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Women business leaders shoot hoops, inspire the next generation of leaders

Munira Ali never intended to watch some of Minnesota’s most influential women take turns shooting hoops at the Mall of America.


“I came out here to do some shopping, I’m not gonna lie,” said Munira, a 23-year-old nurse who was spending the evening with three younger siblings.  “I heard Michelle’s voice from a distance. I’m like, no, it can’t be.


The Michelle with that recognizable voice? Michelle Young, the Minnesota elementary teacher who was a runner-up on The Bachelor before becoming the star of The Bachelorette and the founder of the Michelle Young Foundation.


Young was taking part in National Girls and Women in Sports Day events at the Mall of America. A former Woodbury High basketball standout, Young won a scholarship to Bradley University, where she played on their Division 1 basketball team.


Young, who led the Sports and Somali Community Athlete Showcase earlier in the day, helped host FLOSS, a basketball competition based on the game HORSE and sponsored by Delta Dental of Minnesota.


“We are about teeth, but your oral health is so important to your overall health, and physical fitness is part of overall health,” explained Tamera Robinson, president of Delta Dental, “So we have been very encouraging in the sports scene.”


The theme of the night’s competition was, “If you can see her, you can be her.” Robinson explained it’s all about helping girls and young women see successful adult female role models. “They will look at this event and say, ‘I could be a doctor, I could be a dentist, I could be an executive.’”


Robinson played on the Blue Team Wednesday night. It was coached by Minnesota Lynx Assistant Coach Rebekkah Brunson. Other players on the Blue team included leaders from Health Partners, Visit St. Paul and Minnesota Sports and Events.


Robinson’s colleague, Kathie Eiland-Madison, Delta Dental’s Chief Engagement and Inclusion Officer, was her competitor, playing for the Red Team. Eiland-Madison played in Minnesota’s first-ever Girls Basketball Tournament back in 1976.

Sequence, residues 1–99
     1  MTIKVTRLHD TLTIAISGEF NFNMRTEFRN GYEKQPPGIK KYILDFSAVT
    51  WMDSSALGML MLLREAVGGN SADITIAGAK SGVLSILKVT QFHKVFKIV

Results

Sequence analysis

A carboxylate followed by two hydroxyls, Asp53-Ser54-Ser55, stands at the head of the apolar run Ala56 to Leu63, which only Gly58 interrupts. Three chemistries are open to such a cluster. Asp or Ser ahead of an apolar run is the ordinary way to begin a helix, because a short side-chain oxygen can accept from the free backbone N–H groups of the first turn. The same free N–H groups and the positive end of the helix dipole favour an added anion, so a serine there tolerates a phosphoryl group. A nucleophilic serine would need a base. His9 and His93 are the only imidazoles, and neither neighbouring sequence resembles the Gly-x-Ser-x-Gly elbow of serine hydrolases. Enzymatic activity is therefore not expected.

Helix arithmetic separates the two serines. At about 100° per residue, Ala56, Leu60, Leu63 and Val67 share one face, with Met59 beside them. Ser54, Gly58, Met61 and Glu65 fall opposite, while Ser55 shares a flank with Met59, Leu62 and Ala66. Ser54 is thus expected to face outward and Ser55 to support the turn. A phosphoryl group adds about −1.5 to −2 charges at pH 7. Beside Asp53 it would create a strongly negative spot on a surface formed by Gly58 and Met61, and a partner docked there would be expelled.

Eiland-Madison remembers the severe shortage of female role models when she was growing up, “There were no women in the boardrooms, there were no women at the executive tables, so we want them (girls) to see that there are women in these spaces, and they can aspire to do that.”


In FLOSS, as in HORSE, players who miss a shot made by their competitors gain a letter. The last team to spell HORSE--or FLOSS--win.


The last team standing in this year’s competition was the Green Team, on which Lisa Lissimore played. “When my friends at Delta Dental called and asked if I’d be a part of this, absolutely, said Lissimore, who worked 34 years for the Minnesota State High School League. She admires Delta’s work aimed at girls and women, “This is our opportunity to share with them that women can lead--and lead in many, many professions.”


In addition to sponsoring FLOSS, Delta Dental also presented $5,000 donations to the Tucker Center for Research on Girls and Women in Sport at the University of Minnesota and Women’s Basketball Enhancement Fund, part of Golden Gopher Women’s Sports.


One of the girls in the crowd was Miski Ali, Munira’s nine-year-old sister. The night’s message wasn’t lost on her. “I was listening to what they were saying,” said Miski, who plans to be a doctor someday. “You can be whatever you want to be.”
















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